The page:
Given the recent near or impending economic meltdown...
The Origin of the Specie. Didn't get the chance to highlight this interesting take on the situation, circa the 27th. It contains a dollop of reassurance that something had to be done, as well as a few clues to the derivation of the crisis. Also, if you get the chance, be sure to watch FoxNews' documentary, "Saving the Economy." Worth watching if only for the professor's clear and cogent exploration of the genesis of the problem, not to mention an edifying explanation of the alphabet soup of debt instruments. Did you know that there have been six mortgage blow ups since the Civil War? I didn't.
The Wheel of Fortune. Also from the Wall Street Journal comes "The Intelligent Investor" with an upbeat and serendipitous view of the markets. Wall Street may be dead, but only as we know it. His advice: don't bail. I personally advocate no position, as to my mind at least the casinos comp you drinks.
The Nature of the Beast. On Townhall, Ken Connor introduces the moral dimension when he categorizes the current situation as an outgrowth of moral relativism. I'm not sure I have the same rosy view of possibilities going forward. To my mind, Wall Street types will always be greedy, money-grubbing characters, subject only to the fear of God. However, he is correct in the deleterious influence of the new morality on our society: the lack of absolutes has led to an arbitrary Chinese menu of prejudices and preferences, most of them self-serving.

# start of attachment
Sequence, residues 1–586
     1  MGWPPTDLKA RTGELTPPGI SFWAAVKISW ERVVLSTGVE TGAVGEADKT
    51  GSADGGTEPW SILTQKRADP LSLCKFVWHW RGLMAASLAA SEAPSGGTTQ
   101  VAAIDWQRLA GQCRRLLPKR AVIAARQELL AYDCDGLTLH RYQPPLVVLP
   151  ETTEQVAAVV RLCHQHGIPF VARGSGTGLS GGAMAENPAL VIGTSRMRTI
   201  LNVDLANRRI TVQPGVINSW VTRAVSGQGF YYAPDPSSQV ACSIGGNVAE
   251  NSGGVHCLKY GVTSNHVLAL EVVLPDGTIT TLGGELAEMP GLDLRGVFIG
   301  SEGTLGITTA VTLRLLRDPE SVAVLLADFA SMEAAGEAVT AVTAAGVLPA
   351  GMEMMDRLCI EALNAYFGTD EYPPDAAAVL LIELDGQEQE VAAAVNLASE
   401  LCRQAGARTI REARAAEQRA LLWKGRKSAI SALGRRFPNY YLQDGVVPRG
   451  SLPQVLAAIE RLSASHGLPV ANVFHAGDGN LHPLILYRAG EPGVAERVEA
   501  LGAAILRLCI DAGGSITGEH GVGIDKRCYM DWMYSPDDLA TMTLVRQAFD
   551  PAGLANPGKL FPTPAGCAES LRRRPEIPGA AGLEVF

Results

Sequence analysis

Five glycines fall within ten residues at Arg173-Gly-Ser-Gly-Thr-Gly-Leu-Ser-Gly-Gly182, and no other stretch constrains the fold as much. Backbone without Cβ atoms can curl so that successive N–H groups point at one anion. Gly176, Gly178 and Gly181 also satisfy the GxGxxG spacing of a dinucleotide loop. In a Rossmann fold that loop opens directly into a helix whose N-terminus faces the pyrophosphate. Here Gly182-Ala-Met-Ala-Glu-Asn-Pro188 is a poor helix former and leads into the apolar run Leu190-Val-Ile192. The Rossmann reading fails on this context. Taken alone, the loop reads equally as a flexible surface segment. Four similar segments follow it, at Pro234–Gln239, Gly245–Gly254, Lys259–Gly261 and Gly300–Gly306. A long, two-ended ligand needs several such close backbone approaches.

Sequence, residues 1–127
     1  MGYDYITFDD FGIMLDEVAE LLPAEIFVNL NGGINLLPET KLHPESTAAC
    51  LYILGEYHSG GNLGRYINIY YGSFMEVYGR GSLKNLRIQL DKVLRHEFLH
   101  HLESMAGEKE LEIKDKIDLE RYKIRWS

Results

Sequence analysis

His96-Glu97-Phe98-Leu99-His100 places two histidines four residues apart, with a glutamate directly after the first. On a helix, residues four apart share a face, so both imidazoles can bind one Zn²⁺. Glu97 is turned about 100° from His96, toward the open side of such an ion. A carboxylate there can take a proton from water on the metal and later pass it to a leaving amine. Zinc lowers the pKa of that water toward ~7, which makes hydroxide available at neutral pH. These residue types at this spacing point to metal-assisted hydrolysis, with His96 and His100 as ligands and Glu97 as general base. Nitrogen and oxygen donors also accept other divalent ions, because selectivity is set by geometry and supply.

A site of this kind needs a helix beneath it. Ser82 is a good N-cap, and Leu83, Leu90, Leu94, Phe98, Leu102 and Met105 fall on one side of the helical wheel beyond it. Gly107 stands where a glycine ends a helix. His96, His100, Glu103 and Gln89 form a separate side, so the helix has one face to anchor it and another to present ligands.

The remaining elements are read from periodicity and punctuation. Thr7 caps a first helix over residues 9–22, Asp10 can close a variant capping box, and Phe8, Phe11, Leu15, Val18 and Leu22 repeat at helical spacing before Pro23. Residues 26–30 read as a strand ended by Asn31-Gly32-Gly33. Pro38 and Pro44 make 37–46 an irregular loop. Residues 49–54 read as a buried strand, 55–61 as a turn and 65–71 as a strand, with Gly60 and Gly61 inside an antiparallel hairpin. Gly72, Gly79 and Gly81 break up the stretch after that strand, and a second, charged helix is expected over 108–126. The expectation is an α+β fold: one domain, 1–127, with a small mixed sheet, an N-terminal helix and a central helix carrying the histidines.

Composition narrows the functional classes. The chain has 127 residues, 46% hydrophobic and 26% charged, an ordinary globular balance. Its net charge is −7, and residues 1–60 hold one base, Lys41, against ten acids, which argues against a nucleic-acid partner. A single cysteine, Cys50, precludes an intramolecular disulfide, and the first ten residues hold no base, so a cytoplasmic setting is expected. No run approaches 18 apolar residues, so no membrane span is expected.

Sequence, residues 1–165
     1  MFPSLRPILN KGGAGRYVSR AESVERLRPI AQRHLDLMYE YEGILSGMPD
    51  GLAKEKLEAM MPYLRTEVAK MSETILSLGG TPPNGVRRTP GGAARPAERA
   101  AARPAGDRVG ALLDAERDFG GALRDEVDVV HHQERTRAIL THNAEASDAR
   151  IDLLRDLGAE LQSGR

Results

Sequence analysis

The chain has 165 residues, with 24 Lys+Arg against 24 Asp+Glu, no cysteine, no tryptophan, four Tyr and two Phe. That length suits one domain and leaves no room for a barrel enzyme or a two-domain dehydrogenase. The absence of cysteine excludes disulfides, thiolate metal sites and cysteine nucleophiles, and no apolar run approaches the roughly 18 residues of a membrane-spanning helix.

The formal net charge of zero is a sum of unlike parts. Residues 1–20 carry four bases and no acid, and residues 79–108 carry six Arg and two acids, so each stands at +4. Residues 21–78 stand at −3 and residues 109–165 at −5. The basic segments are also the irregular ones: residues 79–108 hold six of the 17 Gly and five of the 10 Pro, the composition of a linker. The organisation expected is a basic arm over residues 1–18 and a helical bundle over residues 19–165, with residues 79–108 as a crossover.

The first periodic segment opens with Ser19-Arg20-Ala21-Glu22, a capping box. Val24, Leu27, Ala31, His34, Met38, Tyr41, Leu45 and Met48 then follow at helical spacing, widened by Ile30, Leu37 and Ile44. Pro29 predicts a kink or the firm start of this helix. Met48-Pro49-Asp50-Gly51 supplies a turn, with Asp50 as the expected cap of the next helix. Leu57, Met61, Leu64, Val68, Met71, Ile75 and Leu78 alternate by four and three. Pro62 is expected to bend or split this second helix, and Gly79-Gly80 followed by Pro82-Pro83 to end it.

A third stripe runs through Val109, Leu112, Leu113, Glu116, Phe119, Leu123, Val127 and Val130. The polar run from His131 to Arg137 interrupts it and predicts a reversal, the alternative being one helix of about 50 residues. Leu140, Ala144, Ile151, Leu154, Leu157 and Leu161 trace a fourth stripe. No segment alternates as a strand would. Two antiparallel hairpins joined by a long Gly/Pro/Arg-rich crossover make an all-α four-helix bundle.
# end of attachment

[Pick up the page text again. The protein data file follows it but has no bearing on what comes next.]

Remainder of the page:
The Tipping Point. This one by Frank Silverstein, I include as a public service because it is timely. Coming from a family of entrepreneurs, I have seen the phenomenon up close. The true measure of a businessman or businesswoman is knowing when to cut your losses.
Survival of the Glibbest. And how about finishing up with an inspirational list? From Fortune comes a top ten list of remarkable coups in the annals of salesmanship.